*I seek not sympathy nor praise. If anything this is a selfish act, dealing with something partially unfinished. If it helps in any way…great.

This is the first of two times in this piece you’ll read this…I’m just a guy who works in a gym writing some stuff. That’s it.

One of my many flaws is I’m quite introvert when it comes to talking about my past and feelings and stuff (I am a man).

Paradoxically, I did just about enough to get myself out of a hole I was in many years ago.

I’m 34 soon, every time my birthday comes around it reminds me of the ones I pretty much have no memories of – fond or otherwise (this isn’t a bad thing, it makes me EXTREMELY grateful for the people I have around me now).

I can’t remember a whole lot from my early 20’s.

You’re probably thinking ‘me neither, I did quite a lot of partying back then’. It’s mostly for different reasons though, albeit I did have a few drinks back in the day as well.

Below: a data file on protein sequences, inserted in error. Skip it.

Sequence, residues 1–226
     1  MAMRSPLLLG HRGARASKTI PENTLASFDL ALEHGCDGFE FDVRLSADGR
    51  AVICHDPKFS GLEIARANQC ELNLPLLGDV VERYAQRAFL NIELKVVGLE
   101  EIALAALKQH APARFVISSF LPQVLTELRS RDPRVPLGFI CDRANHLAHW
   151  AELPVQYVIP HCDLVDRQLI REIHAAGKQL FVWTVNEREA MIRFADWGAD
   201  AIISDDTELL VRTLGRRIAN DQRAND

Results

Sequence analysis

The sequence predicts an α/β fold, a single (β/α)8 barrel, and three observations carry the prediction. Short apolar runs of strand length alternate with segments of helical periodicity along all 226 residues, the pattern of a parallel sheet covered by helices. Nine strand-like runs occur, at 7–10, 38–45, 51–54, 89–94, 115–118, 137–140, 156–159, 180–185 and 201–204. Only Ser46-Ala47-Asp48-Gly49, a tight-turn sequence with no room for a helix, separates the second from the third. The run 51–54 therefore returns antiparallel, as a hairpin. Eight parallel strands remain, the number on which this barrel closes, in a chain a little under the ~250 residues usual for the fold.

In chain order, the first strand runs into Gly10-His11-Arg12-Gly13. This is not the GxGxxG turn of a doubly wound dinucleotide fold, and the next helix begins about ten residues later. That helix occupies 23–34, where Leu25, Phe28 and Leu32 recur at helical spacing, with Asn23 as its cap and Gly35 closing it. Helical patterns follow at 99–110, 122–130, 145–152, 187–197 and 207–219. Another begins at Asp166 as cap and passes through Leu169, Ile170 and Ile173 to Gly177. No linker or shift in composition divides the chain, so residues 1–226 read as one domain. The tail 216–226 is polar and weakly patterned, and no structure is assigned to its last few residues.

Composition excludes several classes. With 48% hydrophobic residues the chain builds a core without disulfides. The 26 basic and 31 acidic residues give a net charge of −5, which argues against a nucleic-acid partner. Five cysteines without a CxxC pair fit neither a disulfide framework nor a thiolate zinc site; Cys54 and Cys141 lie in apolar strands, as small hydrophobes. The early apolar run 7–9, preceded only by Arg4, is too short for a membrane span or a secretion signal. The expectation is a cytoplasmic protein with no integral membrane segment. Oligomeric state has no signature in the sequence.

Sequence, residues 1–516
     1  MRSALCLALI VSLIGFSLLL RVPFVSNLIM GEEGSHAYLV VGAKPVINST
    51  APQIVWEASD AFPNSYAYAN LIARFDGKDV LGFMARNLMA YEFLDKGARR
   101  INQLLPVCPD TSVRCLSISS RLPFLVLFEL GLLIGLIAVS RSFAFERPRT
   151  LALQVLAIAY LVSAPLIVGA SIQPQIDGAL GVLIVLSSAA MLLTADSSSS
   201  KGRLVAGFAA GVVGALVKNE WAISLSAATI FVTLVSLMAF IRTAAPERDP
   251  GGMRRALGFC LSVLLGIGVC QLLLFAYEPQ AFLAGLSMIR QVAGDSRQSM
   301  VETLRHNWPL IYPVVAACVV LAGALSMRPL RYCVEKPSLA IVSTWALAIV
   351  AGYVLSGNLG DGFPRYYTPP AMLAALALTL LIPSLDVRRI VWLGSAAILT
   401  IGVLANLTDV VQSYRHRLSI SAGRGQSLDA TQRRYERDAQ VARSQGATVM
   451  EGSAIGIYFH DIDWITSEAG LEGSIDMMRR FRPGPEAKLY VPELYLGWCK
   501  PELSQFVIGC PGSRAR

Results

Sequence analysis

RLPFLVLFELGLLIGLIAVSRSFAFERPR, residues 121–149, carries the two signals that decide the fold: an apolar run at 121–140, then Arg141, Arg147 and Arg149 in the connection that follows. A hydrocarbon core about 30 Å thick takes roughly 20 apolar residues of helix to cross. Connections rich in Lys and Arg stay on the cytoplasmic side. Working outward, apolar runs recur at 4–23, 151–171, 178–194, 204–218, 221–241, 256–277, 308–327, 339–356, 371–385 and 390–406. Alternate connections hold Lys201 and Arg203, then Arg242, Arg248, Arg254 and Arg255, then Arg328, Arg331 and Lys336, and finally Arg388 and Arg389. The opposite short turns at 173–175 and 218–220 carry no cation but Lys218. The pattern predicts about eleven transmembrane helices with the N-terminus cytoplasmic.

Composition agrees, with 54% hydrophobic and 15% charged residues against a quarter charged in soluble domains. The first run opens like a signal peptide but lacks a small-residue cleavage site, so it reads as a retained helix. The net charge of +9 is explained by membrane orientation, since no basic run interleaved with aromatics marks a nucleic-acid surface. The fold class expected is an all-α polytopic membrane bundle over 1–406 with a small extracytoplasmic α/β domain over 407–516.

I can remember some things pretty vividly IF I sit down and really try to focus and think back, but it’s not my favourite thing to do. For me, those years should be THE BEST of your life. The world is at your feet, you’ve got very few responsibilities and a wide circle of friends.

If you roll the dice and don’t like the number that comes up – roll again.

Realistically, as you get older you can’t re-roll so much. Damn you adult responsibility.

I’ve mentioned in previous articles about ‘life flipping things’, and ‘cold hard slaps in the face’. When you’re a 20 year kid, and that’s what you are at 20, life is meant to be for living.

You’re in your prime, at your most confident right?

I don’t have any pictures of me traveling the world at that age. I don’t really have any pictures of anything from that time (yes, there were cameras around then). I remember some stuff.

I remember the most crippling, unbearable state of anxiety having me by the throat 24 hours a day.

No peace. No breaks. No let up.